Feel free to contact Coney Island Hospital with any questions or concerns: Coney Island Hospital; 2601 Ocean Parkway; (718) 616-3000.

Source: Gregory Maizous

Source: Gregory Maizous

Coney Island Hospital (2601 Ocean Parkway) is taking part in the city’s Take Care New York campaign in an effort to battle obesity, and provide health screenings and flu shots. According to a press release, the event is being organized by the New York City Health and Hospitals Corporation (HHC) and will run throughout the month of October.

The focus of the event centers around fighting obesity. The HHC press release detailed the harrowing statistics that point to the seriousness of the obesity problem:

In New York City, over 50 percent of adults and 40 percent of children are overweight or obese. The obesity epidemic strikes hardest in communities already suffering from health and economic disparities, particularly black, Latino and low-income communities where the rate of overweight and obesity reaches 70 percent in some neighborhoods.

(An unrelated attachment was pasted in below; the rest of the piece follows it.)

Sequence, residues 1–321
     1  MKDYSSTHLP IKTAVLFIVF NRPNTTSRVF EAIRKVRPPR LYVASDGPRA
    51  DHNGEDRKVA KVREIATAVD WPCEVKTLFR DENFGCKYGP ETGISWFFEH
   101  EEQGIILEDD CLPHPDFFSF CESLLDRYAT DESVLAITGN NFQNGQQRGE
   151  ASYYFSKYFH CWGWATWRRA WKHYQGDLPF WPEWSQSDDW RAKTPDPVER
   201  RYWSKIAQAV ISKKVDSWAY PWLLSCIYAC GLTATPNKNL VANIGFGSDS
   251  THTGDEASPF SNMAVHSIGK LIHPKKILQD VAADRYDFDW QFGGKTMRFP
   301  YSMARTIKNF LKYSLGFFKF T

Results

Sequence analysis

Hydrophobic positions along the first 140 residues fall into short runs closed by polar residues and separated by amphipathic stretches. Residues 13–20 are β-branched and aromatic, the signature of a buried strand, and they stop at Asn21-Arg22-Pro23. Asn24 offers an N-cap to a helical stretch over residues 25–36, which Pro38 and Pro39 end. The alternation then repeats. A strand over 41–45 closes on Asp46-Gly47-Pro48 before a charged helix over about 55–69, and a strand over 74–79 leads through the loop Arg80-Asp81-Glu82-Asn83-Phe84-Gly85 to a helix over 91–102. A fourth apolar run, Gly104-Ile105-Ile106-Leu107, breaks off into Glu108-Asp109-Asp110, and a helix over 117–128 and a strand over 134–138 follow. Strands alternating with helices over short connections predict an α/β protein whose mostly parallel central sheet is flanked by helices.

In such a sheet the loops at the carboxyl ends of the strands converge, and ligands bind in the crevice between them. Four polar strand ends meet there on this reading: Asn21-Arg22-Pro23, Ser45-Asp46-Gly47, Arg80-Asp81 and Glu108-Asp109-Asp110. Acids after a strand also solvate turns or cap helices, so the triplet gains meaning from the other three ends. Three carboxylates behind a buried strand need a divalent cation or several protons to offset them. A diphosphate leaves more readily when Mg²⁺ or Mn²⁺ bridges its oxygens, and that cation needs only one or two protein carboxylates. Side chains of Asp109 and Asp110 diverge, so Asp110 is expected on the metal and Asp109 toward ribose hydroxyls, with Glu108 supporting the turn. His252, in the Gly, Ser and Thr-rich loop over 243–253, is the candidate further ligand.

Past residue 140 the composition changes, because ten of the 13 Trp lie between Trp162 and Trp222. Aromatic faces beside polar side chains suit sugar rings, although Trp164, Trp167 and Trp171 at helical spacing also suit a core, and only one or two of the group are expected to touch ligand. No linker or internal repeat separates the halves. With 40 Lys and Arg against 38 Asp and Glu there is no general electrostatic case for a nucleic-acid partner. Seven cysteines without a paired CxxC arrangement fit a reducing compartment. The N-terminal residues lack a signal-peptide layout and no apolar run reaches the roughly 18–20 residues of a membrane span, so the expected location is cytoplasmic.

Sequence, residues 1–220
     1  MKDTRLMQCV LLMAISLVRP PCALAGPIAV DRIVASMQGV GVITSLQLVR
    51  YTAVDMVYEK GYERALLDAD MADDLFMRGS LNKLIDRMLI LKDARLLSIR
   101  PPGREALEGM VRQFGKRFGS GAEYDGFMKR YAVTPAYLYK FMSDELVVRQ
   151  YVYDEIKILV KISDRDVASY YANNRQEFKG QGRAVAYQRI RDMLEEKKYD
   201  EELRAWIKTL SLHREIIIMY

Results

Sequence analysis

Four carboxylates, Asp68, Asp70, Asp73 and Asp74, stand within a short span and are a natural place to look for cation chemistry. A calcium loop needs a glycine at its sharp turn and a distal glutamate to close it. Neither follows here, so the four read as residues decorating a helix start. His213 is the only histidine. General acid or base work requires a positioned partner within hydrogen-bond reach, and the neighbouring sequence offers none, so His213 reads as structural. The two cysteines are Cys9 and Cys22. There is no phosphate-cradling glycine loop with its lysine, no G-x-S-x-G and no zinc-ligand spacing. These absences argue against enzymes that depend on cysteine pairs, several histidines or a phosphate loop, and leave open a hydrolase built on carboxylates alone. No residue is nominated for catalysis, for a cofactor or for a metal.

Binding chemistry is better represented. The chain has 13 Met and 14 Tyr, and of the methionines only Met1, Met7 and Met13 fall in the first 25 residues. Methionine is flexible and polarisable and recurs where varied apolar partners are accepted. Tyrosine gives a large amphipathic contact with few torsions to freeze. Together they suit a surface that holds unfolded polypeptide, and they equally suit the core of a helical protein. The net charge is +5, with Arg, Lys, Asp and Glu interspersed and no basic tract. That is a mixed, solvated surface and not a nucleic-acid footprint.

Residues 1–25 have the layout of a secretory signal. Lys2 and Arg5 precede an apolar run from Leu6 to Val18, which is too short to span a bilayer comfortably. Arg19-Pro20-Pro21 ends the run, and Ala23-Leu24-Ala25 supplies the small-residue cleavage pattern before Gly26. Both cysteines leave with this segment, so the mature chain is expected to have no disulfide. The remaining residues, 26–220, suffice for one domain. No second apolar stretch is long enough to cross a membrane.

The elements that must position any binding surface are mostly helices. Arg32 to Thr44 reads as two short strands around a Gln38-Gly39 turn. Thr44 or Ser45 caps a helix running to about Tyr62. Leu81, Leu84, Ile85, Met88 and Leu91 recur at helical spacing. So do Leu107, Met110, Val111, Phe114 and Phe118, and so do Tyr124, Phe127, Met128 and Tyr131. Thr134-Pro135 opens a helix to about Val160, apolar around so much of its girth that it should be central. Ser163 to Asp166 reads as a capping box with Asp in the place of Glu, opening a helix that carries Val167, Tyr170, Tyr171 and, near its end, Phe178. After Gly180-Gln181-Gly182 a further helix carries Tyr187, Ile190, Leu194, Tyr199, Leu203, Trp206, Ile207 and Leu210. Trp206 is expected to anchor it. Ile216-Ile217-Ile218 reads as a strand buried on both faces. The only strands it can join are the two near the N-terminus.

Senior director of HHC’s Office of Healthcare Improvement, Dr. David Stevens, detailed the scary risks of living with obesity and noted how the Take Care New York campaign is looking to educate people with the aim of helping them lead healthier lives.

“Adults and children who are overweight are at increased risk for diabetes, heart disease, stroke, high blood pressure, arthritis and cancer. HHC hospitals and health centers can help New Yorkers commit to be fit in just a few simple steps. Eating right, exercising and losing weight can improve your health and decrease the risk of chronic disease. A few minutes of preventive care save a life,” Stevens said in the release.

If you are interested in attending, the Take Care New York campaign screenings will take place in the main lobby of the Coney Island Hospital (2601 Ocean Parkway) on October 2, 9, 16, 23 and 30 from 12 p.m. to 2 p.m. For more information on the event, click here.